Sponsor Stories

I happened to hear about the suffering of tuberculosis patients in North Korea and the efforts of the Eugene Bell Foundation as I was attending church. Among the images and video of patients and life-saving programs that I saw that day, there was one scene that I could never forget.

A North Korean mother had brought her child, a woman just a little older than me, to the treatment center that was providing medicine brought from South Korea. As the daughter leaned against her mother’s shoulder, the older woman sobbed and said, “she’s spent her whole life as a medical worker, now they can’t cure her disease and she’s gotten bad like this.” Dr. Linton explained that even though the woman was a doctor, she was unable to obtain medical supplies in North Korea. I immediately began to think, “What can I do to help this woman?”

I had thought that I had a tough time putting myself through school, working a part-time job and searching for scholarships, until I saw that woman and had a moment to reflect. In that tough situation, she was able to study medicine, only to catch tuberculosis and suffer from the lack of steady medical supplies that led her disease to mutate into multidrug-resistant tuberculosis. Her struggle amid a complete lack of treatment for a disease made me embarrassed for having claimed that I had a hard time becoming an engineer in South Korea.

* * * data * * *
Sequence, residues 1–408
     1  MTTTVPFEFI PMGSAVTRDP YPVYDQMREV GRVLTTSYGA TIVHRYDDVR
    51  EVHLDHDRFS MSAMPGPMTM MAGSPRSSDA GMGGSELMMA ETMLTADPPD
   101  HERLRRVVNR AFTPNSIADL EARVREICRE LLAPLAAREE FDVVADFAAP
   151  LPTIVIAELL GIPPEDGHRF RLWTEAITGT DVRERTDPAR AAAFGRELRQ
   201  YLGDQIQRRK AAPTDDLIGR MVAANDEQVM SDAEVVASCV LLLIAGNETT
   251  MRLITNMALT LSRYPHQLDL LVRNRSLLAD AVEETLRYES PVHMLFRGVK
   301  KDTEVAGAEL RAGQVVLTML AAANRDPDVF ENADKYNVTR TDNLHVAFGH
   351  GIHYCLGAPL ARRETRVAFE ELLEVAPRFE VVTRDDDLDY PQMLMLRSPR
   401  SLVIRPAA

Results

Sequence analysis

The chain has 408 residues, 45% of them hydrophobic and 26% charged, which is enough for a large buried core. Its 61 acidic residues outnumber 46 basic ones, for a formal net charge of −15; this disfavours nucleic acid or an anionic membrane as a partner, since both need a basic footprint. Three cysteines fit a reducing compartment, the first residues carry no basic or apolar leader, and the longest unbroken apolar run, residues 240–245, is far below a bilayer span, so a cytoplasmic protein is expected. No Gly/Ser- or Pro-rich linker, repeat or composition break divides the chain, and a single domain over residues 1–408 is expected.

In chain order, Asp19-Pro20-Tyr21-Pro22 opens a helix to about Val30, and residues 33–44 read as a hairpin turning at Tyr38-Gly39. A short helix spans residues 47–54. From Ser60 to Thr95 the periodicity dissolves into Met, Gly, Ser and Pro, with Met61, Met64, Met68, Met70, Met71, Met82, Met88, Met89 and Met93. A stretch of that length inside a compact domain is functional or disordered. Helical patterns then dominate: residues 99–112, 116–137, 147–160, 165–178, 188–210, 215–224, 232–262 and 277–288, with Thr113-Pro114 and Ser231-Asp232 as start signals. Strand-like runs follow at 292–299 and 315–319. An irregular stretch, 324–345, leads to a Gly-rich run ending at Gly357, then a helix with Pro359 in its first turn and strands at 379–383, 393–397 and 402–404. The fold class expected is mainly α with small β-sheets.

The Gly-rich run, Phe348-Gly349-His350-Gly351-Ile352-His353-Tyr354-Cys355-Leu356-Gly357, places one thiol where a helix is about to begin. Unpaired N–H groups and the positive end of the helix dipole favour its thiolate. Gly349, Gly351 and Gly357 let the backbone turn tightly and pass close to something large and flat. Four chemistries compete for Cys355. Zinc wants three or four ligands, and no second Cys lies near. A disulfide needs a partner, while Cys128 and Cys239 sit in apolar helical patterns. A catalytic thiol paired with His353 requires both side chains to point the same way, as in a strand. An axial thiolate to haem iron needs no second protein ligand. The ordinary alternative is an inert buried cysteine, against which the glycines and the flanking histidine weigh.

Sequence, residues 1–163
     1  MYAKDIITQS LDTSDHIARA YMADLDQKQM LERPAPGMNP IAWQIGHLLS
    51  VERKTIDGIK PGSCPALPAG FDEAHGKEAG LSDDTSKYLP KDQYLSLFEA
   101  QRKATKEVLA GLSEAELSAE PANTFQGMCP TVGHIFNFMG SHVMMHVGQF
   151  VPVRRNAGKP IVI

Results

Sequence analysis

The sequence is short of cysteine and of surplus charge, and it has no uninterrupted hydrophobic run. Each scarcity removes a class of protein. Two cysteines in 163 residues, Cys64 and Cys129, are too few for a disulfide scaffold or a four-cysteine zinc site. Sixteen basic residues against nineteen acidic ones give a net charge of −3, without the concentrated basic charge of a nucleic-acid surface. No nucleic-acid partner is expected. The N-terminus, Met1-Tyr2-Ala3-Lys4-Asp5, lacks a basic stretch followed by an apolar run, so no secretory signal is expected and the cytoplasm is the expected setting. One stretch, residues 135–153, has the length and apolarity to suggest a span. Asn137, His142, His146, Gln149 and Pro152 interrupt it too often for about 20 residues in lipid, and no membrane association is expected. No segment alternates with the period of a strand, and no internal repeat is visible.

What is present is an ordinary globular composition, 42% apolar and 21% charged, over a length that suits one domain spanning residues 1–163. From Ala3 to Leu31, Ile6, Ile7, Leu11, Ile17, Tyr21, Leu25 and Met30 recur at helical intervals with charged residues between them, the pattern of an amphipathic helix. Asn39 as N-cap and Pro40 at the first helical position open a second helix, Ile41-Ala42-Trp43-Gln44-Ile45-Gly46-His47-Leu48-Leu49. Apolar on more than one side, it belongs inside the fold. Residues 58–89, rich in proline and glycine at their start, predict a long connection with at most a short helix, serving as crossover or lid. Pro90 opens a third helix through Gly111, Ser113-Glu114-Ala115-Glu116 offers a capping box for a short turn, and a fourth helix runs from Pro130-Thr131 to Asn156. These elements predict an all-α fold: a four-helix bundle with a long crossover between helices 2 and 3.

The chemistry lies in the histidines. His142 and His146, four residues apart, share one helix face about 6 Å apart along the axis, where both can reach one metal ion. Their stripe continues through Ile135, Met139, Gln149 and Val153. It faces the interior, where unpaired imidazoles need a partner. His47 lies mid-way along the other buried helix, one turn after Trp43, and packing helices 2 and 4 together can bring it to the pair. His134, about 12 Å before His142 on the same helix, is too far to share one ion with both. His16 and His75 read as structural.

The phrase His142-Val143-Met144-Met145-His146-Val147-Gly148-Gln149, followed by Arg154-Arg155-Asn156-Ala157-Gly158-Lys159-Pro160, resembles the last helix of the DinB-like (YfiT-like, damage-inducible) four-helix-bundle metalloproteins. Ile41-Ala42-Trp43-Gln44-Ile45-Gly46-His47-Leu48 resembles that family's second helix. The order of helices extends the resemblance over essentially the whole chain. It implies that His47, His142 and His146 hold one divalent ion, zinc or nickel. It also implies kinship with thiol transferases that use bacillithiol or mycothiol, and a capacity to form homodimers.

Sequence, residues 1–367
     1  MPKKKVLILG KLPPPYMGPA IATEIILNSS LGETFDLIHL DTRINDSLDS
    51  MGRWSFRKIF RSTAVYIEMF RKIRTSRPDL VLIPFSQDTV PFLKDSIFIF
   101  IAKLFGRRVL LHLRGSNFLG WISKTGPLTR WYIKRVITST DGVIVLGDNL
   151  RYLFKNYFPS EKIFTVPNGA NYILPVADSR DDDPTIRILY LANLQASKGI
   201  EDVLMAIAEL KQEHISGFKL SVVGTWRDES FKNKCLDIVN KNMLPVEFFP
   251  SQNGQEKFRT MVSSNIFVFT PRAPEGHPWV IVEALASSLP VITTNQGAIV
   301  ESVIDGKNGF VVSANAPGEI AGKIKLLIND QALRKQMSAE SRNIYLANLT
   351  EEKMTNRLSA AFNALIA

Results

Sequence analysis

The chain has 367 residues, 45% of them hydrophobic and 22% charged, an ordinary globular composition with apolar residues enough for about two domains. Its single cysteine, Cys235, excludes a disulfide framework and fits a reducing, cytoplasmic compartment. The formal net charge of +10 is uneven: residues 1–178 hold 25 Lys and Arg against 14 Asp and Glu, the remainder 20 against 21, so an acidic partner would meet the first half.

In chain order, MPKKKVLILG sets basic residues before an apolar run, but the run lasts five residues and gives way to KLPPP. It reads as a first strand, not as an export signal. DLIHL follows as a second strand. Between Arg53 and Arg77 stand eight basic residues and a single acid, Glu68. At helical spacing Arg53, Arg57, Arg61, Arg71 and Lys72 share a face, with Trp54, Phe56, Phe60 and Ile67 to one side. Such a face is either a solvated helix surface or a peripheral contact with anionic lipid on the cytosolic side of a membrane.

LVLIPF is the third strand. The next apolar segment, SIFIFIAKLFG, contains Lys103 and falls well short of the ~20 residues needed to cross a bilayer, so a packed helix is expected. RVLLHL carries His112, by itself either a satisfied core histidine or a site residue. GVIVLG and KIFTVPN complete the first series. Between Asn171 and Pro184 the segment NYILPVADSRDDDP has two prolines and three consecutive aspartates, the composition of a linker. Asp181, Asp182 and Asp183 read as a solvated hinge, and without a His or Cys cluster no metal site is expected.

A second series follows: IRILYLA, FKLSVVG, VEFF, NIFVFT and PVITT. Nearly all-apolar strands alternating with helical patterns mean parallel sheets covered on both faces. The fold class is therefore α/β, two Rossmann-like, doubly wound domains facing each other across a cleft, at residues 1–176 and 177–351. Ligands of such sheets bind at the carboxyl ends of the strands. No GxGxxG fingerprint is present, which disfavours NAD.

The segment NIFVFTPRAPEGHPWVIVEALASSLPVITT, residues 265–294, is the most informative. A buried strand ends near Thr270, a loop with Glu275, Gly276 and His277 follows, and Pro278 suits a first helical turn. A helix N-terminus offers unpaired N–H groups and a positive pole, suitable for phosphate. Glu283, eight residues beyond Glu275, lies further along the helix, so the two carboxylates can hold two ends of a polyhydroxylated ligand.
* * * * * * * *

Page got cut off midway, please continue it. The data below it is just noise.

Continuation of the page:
As soon as the service ended, I caught up with our pastor and Dr. Linton and asked if there was some way I could help the doctor in North Korea. I found out that the cost of the medicines to treat her MDR-TB added up to almost my entire month’s salary. I am ashamed to say that I almost hesitated, but I just kept repeating to myself that if I were in the same situation, my mother would carry me anywhere she could to find medicine, and that I should be very thankful that there was a way to help this woman who would otherwise have no choice but to wait and face her death. In fact, Dr. Linton said he was worried about me, saying that it was possible that this patient might not make it until the next medicine delivery. He worried that such a tragedy might be difficult for me to bear.

I answered that I knew that such a situation was possible, but this patient was someone who could go on to save many more lives if only she were able to recover, that this was someone I simply had to help. I promised myself that I would pray for this woman. My voice may be small, but it is sincere. I hope that our prayers for this patient and for all others who are in need in North Korea may come together.